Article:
I am currently on a ‘diet’.
By ‘diet’, I mean that I am currently in a phase of my training where I am dropping body fat.
The goal of this is to get down to a low enough level of body fat for the summer.
But enough about that.
One thing that has happened to me, over the last few weeks, is that my hunger levels have risen the further into the diet that I have gone.
When I say hunger, I am never really ‘starving’, it’s more of an empty feeling an hour or two after I eat.
This brings us back to the point at hand;
Should you be hungry when on a diet?
Ask one hundred different people and you will get one hundred different answers to this question.
There are a few ways to look at this;
1. One is to look at where you are coming from.
Whenever you are starting into a diet, what your nutrition looked like beforehand will have a huge effect on how hungry you feel during the diet.
If you are coming from a diet that was heavily processed and involved a huge amount of calories but the volume (amount) of food you were eating was low, and you change that to a wholefood diet that involves loads of fruit and vegetables with plenty of meat and fish and enough carbohydrates and fats to suit your goal, the chance of you being hungry are slim.
The reason for this is, even though you are eating less calories, you are actually eating more food than you were before when you compare the amounts.
You will also have an increase in fibre and protein in your diet and a decrease in processed sugars and fats.
All this combined will keep you fuller for longer and you will be able to lose weight and not go too hungry during the diet.
More food – Less hunger – more weight loss.
This is the best possible scenario when dieting.
2. In scenario 2, you have someone who has the same starting point as person one above, but they have chosen to use a quick fix diet instead.
This diet consists of 1 meal per day and 2 weight loss shakes, as the majority of these quick fix diets tend to use.
Now, the chances of you being hungry will increase 10 fold due to the make up of the diet you are on.
You are coming from a diet of low volume, high calories foods to a diet of lower volume low calorie food and shakes.
You will feel lethargic and hungry most of the time as you are only really taking in 1 whole meal per day and when you drink the shakes, you will be hungry again shortly after you consume it.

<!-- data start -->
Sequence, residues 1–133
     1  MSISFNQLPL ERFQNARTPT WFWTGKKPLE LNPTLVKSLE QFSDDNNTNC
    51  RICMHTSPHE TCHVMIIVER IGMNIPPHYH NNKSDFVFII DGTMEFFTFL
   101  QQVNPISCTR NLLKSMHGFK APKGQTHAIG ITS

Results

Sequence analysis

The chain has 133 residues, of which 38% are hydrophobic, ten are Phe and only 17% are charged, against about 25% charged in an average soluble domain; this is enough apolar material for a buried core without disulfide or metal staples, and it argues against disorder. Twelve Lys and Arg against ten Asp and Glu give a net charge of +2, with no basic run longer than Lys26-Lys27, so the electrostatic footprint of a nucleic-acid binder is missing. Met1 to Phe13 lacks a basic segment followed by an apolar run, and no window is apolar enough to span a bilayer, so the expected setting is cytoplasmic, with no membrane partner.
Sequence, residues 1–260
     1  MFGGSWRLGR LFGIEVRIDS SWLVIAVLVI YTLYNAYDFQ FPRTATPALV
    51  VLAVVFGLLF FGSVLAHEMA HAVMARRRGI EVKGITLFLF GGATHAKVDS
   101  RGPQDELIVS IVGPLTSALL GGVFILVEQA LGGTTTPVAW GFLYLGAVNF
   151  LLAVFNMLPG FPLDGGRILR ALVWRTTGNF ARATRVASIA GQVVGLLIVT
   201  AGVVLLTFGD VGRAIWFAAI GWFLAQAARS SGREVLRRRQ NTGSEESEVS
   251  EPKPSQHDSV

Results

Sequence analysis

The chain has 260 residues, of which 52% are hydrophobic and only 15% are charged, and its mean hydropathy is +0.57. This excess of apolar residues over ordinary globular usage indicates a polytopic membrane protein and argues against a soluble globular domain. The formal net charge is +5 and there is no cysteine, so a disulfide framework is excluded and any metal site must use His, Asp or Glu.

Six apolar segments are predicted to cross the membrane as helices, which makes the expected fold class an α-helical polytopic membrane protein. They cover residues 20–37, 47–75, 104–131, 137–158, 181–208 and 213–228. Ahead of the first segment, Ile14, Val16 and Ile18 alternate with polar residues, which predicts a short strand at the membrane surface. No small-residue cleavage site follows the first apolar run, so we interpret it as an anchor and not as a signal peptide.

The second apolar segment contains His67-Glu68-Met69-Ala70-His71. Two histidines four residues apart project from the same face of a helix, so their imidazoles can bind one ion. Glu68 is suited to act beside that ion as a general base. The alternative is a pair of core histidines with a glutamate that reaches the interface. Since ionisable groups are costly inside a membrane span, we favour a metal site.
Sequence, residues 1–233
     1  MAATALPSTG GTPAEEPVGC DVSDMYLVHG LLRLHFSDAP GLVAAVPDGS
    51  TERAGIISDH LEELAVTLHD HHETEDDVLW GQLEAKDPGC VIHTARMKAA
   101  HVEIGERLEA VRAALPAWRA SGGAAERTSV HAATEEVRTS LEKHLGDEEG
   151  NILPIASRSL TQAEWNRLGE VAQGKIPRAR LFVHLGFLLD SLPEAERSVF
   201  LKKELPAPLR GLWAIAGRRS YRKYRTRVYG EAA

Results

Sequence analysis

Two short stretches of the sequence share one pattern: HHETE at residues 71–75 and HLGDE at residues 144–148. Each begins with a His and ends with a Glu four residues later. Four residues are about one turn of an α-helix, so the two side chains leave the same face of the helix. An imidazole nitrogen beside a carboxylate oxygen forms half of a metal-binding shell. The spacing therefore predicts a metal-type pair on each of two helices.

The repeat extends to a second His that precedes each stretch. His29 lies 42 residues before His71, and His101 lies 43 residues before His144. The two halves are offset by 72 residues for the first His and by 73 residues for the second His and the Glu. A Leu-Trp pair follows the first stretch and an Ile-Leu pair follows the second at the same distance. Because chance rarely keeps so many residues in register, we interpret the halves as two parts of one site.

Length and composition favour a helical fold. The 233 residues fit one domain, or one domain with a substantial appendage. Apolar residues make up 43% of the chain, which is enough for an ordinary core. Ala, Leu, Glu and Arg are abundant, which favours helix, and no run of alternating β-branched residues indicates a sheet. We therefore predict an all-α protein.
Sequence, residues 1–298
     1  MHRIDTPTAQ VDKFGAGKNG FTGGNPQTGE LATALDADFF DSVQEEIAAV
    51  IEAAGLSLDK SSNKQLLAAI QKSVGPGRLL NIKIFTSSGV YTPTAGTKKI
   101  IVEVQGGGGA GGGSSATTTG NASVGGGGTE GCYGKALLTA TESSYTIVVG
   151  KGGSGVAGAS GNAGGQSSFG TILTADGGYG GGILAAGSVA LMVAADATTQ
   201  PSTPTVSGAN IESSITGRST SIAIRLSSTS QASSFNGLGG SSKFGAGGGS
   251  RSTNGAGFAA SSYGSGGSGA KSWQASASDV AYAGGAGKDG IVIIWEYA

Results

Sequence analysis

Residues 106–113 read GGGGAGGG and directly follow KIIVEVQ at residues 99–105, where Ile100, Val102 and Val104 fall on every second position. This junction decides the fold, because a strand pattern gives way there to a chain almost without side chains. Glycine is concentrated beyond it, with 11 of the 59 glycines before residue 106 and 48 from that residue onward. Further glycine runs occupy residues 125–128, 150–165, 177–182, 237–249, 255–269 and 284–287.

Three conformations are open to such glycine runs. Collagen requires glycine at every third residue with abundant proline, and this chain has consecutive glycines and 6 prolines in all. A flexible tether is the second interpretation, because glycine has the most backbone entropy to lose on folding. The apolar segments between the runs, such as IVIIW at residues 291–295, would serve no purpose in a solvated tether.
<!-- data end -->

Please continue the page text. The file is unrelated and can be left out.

This combination of factors is the main reason that people cannot sustain these type of diets for long periods of time and it is also the reason that they end up going on a binge and regaining all the lost weight after they finish.
Less food – No Energy – More Hunger – Can’t Keep the Weight Off – Huge Rebound Weight gain
This is the worst possible scenario when dieting.
3. The last way to look at this is if you are coming from a diet that is pretty good, has minimal process foods, has plenty of fruit and vegetables with plenty of meat and fish and enough carbohydrates and fats to suit your goal.
When you start into a diet in order to lose body fat, as I am currently doing, the likely-hood of you being hungry will increase.
The reason for this is, in order to lose more weight and body fat, you will have to reduce the amount of calories you are consuming at different phases of the diet.
Having come from a great starting point, the volume of food you are eating will reduce with each drop in calories, so the chances of being hungry will increase with each phase.
That isn’t to say that you will be starving, but from experience and from working with hundreds of clients, hunger is part of the process.
Allowing yourself to understand what some hunger feels like, is actually a great learning curve for when you start into a diet.
It’s something you must expect and shouldn’t shy away from.
Once you learn to control this, you will be better placed to deal with it if it happens to arise whenever you start your diet.
That will make sticking to your diet much easier and there will be less chance of slipping up or giving up.